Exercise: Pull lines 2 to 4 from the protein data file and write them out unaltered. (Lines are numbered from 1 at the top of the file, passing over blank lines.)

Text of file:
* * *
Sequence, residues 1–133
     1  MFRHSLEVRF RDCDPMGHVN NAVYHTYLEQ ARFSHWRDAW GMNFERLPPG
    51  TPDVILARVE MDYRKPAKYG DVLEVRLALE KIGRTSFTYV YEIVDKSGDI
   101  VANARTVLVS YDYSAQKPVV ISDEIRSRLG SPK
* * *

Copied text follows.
     1  MFRHSLEVRF RDCDPMGHVN NAVYHTYLEQ ARFSHWRDAW GMNFERLPPG
    51  TPDVILARVE MDYRKPAKYG DVLEVRLALE KIGRTSFTYV YEIVDKSGDI
   101  VANARTVLVS YDYSAQKPVV ISDEIRSRLG SPK